Joe O’Reilly loses attempt to challenge conviction for murdering wife

O’Reilly found guilty in 2007 for murder of Rachel O’Reilly in the bedroom of her home

Joe O’Reilly’s bid to have his conviction for murdering his wife declared a miscarriage of justice has been dismissed by the Court of Appeal prior to full hearing.

The Director of Public Prosecutions had sought to dismiss the 42-year-old's application as an "abuse of process" and the three judge Court of Appeal agreed in a judgment delivered on Monday.

In July 2007, O'Reilly was found guilty by a Central Criminal Court jury and sentenced to life imprisonment for the murder of his wife at their home in the Naul, Co Dublin.

Rachel O'Reilly's badly beaten body was found in the bedroom of her home by her mother on October 4th, 2004 and in the intervening period O'Reilly had appeared as a guest on the topic of her death on RTÉ's Late Late Show.


Speaking on behalf of the Court of Appeal, Mr Justice George Birmingham said it was an "unacceptable strategy" to raise the arguments O'Reilly had raised at this point.

O’Reilly’s application was based on events that occurred on the third day of his Central Criminal Court trial when a portion of the book of evidence was found in the jury room, the judge said.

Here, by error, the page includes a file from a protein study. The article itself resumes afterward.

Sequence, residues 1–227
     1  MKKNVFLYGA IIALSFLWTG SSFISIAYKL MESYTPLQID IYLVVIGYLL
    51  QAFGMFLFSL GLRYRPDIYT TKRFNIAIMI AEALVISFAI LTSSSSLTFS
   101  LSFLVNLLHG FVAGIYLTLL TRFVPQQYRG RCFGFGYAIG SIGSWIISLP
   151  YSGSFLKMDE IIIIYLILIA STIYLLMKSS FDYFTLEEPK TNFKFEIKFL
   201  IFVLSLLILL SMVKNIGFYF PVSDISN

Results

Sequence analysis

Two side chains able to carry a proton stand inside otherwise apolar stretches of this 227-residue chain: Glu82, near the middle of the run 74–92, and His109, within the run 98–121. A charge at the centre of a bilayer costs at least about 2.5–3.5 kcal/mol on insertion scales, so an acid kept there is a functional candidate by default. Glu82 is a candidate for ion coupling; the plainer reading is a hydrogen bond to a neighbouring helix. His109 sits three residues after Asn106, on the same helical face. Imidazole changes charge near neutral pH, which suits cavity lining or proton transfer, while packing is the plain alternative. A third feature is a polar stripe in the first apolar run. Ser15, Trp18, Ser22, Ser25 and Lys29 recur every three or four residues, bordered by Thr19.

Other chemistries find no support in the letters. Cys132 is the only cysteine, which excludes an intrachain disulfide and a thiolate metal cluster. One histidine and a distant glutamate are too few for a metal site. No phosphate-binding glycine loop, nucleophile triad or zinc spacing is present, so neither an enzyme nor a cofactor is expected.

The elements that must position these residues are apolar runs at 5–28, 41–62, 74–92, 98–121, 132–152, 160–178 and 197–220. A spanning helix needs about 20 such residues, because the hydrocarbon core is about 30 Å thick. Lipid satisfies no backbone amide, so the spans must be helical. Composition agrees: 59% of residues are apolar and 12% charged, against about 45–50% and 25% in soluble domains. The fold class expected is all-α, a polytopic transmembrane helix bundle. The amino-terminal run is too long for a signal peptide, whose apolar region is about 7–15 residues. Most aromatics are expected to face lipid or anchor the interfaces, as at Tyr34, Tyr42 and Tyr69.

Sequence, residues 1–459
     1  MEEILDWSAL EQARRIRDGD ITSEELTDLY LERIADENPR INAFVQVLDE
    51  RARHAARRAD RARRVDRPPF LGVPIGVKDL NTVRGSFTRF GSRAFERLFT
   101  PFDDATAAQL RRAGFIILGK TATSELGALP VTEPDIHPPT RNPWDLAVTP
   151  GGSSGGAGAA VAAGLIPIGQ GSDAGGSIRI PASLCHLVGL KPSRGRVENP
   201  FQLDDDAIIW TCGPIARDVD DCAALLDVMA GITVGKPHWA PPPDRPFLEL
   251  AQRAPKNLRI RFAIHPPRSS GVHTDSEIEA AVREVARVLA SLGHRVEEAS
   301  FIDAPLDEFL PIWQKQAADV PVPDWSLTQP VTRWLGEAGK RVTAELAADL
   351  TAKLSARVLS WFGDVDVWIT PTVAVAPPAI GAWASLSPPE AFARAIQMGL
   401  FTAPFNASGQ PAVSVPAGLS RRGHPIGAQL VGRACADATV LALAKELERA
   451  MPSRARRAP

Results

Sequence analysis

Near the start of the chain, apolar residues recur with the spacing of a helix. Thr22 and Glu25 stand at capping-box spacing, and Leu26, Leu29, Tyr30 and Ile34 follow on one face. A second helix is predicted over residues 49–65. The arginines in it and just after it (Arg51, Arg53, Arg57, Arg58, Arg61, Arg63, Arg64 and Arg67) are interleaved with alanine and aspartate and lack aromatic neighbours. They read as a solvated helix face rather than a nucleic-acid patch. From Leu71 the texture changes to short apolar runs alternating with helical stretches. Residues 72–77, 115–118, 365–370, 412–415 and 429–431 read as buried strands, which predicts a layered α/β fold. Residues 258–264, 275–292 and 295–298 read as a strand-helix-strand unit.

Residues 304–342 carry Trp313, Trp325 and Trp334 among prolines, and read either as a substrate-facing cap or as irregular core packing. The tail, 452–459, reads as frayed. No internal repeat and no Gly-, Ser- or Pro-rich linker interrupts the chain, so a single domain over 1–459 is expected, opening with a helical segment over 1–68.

It was clear, from the way in which the issue was approached by the trial judge and counsel at the time, that O’Reilly was fully informed and fully engaged with what was happening at the time, he said.

Having been so aware and so engaged, to raise the argument now after the trial and after his earlier appeal, was an “unacceptable strategy,” Mr Justice Birmingham said.

Accordingly, Mr Justice Birmingham, who sat with President of the Court of Appeal Mr Justice Sean Ryan and Mr Justice John Edwards, dismissed the appeal.

As a result, O’Reilly’s application under section 2 of the Criminal Procedure Act will not now proceed to full hearing.

Counsel for the Director of Public Prosecutions, Brendan Grehan SC, had asked the Court of Appeal to dismiss O’Reilly’s application as an “abuse of process” because it was not based on any new or newly discovered facts as required under the Act.